Hospital staff are being pushed to the brink as case numbers soar in NSW, with more patients sent to the ICU.
For months, health experts have been warning that the Delta strain of COVID-19 is more dangerous, contagious, and making people sicker.
Hospital staff are being pushed to the brink as case numbers soar across NSW, and more patients are sent to the ICU as the virus robs them of their ability to breathe.
Three respiratory nurses working in the coronavirus ward at a major Sydney hospital spoke to Nine.com.au about their experience dealing with surging cases, sicker patients, and staff shortages.
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"I had to tell a man that his wife had died in intensive care at the weekend over an iPad," Liz* said.
"Even though it's not an ideal situation, we usually do always have a Mandarin-speaking nurse around, I didn't have that, and it was just … oh my gosh it was awful."
The patient's first language was not English and due to weekend staff shortages and a lack of interpreters, hospital staff needed to use a translation app until a social worker arrived.
"That's how we're communicating with a lot of our patients right now, via an app on an iPad," Liz added.
"We've also had to witness people saying their last goodbyes via this (video)."
Liz has been working as a nurse for over 15 years, first training overseas and then moving to Australia in 2009. She specialises in respiratory.
"It's my art, I love it, at the moment I can't see myself anywhere else," she said.
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But the pandemic has completely changed the sort of patients she sees, their ages, and the condition they are in when they come to the hospital.
"We don't know what we're going to encounter every day or how many patients we're going to see," she said.
"Obviously, our respiratory workforce wasn't enough to cover this pandemic, we've had to open two wards, what we call a mega-ward."
This means staff are redeployed from other parts of the hospital. But often they do not have the same level of training or expertise and need to be supervised.
"Everyone in our hospital supposedly has the same level of training PPE use, but we've noticed we've had to do a lot of stepping in and educating and supervising," Dana*, who has worked on the respiratory ward for three years, told Nine.com.au.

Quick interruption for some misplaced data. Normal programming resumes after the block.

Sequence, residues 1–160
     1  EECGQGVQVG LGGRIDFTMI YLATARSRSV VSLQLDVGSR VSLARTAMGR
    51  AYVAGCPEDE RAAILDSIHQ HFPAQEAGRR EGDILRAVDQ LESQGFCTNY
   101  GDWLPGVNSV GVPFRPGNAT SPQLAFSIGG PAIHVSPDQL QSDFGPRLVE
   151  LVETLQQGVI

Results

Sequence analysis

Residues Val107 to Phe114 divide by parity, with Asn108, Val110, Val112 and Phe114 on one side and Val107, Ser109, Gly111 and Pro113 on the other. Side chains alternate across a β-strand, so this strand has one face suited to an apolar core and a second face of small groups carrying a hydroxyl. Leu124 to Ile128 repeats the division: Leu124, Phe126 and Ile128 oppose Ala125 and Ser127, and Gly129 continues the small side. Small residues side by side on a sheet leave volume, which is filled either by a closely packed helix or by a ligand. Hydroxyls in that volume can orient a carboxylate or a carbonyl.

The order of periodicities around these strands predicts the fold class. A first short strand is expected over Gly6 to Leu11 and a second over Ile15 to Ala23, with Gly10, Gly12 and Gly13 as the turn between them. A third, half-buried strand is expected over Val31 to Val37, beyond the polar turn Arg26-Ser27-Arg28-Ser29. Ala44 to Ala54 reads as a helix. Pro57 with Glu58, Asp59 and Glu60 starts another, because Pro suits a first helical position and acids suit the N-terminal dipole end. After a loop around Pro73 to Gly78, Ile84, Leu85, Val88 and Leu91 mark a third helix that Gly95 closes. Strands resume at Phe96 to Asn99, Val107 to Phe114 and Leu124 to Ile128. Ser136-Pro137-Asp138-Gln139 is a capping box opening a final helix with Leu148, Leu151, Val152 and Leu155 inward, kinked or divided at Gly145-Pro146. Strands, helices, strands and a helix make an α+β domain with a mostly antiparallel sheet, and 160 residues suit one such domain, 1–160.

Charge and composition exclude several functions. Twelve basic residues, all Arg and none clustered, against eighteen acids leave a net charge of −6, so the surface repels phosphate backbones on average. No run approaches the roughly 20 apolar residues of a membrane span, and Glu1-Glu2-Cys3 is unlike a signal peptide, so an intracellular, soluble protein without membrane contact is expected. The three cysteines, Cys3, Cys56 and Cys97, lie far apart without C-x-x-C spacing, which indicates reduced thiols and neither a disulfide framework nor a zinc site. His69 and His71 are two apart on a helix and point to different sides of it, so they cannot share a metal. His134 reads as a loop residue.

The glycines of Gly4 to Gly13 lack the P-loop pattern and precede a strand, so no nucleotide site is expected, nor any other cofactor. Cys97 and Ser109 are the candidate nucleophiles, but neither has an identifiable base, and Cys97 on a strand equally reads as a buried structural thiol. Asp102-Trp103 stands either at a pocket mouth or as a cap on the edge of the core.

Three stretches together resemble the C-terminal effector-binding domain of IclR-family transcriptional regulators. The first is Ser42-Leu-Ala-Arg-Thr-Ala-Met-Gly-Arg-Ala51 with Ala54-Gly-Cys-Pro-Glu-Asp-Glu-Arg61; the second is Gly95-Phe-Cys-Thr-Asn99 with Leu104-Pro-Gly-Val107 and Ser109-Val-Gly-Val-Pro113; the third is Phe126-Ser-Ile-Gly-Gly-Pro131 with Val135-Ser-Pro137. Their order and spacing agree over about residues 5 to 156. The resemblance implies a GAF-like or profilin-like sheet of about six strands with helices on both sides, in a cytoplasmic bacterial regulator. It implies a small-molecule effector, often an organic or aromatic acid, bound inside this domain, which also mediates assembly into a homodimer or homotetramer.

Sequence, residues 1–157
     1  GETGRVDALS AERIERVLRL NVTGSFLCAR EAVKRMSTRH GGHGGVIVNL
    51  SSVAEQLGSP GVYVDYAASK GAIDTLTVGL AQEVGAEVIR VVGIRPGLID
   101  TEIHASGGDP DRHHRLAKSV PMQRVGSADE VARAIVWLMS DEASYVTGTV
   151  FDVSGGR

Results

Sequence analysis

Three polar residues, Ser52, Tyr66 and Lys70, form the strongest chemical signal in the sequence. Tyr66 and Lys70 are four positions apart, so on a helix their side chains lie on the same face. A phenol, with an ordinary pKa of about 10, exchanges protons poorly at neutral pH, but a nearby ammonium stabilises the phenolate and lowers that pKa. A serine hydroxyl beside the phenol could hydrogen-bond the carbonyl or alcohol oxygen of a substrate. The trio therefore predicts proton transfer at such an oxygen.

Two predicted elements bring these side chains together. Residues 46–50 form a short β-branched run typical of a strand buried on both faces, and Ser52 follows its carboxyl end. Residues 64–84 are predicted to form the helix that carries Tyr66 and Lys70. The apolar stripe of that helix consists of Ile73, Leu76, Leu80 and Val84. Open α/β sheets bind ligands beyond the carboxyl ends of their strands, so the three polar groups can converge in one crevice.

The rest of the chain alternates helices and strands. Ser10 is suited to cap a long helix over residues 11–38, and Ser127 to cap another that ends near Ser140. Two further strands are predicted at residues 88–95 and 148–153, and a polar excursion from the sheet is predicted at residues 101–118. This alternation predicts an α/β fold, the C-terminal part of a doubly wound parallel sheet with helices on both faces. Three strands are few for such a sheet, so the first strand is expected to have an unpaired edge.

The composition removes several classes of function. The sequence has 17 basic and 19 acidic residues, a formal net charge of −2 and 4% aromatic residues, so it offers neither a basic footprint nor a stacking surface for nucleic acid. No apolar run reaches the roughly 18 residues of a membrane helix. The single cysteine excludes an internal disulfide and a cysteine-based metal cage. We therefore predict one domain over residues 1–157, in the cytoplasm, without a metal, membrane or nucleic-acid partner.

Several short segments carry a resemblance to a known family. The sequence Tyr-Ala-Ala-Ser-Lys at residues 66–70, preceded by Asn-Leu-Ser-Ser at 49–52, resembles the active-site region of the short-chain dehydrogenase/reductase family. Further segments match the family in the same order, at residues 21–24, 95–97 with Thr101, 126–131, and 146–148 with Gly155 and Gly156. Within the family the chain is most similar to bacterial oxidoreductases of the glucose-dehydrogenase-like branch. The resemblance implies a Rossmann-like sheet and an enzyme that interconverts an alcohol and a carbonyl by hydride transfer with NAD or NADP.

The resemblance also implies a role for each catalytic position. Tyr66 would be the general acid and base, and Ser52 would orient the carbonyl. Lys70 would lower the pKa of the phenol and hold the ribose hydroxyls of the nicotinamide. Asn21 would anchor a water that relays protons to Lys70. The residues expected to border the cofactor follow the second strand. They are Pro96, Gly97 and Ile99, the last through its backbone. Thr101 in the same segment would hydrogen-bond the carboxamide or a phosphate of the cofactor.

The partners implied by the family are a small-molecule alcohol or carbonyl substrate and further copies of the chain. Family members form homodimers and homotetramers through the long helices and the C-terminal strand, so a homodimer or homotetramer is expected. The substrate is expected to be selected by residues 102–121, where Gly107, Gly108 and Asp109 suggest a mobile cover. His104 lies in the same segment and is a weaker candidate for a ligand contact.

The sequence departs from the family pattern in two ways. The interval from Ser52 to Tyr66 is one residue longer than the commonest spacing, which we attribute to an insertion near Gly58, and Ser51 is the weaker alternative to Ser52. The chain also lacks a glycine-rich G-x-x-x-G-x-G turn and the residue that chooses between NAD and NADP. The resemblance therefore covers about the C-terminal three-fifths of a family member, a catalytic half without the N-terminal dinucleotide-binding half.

The patients are younger, and much sicker
Another hallmark of the Delta strain is that it is infecting younger people without any pre-existing health conditions.
While all deaths from this pandemic are tragic, the nurses say the cross-section of people getting incredibly unwell are totally different in this wave.
"I've sent people in their 20s down to intensive care… who are still down there," Liz said.
"It's a long process, it's a long recovery for some people, and this is a person without any past medical history, no health conditions."
Patients with young children are separated from their families, often unknowingly infecting their kids and loved ones.
"Pretty much everyone, their whole family catches it," Becky*, a third-year nurse told Nine.com.au.
The patients are also deteriorating quickly and often without much notice.
"They could be fine in the morning, they could be not needing any oxygen, their breathing is normal, and after eight hours they're hypoxic (low blood oxygen) and in respiratory distress and you're sending them to ICU," Dana said.
"Everyone's experience varies completely, of course there are still a lot of people getting it who have minimal symptoms, don't end up in hospital but you just don't know what you're going to be.
"You could be absolutely fine; you could be in ICU intubated in a few days.
"It's such a gamble,."
'They are just terrified'
Coronavirus patients also pose a risk to the nurses. A huge part of their job is the compassion and comfort that comes with the medical treatment. But this is now dangerous for hospital staff.
"I think one of the hardest parts is, obviously we avoid spending a lot of time in their room, so we can't do that thing that we usually do where we sit and have a chat and get to know each other, and it's a bit of a comforting interaction for them to feel supported and that you're interested in them, and keep an eye on them," Dana said.
"They are just always terrified, they're always terrified.
"You go in there and them look miserable, they're scared, they don't know if they're going to be okay, they're bored as hell because they are literally stuck in one room and can't do anything."
For some, the sickness, the isolation, or both becomes too much.
"They verbalise that they would actually just rather die," Liz added.
"We've had a few episodes where we've had patients that just want out, they just want out, they'd rather die."
More jobs, less time
With coronavirus wards kept separate from other parts of the hospital, respiratory nurses have taken on jobs usually completed by other staff.
"We've got a lot more jobs since the pandemic," Becky said.
"We're doing food service jobs, secretary stuff."
This is due to the increase in patients, and staff not wanting to come into the unit.
"We're essentially doing several jobs as well as being a registered nurse," Liz added.
One thing in common
The nurses said the people who are really sick or dying in the ICU all have one thing in common: they aren't vaccinated.
"All the sick ones are unvaccinated," Dana said.
There was a resounding message from the three women: "get vaccinated".
* The nurses' names have been changed to protect their identities.
Source: 9News https://www.9news.com.au/national/coronavirus-sydney-update-nurses-in-major-hospital-respiratory-ward/87bee3cd-7512-4cad-8682-d583d5468951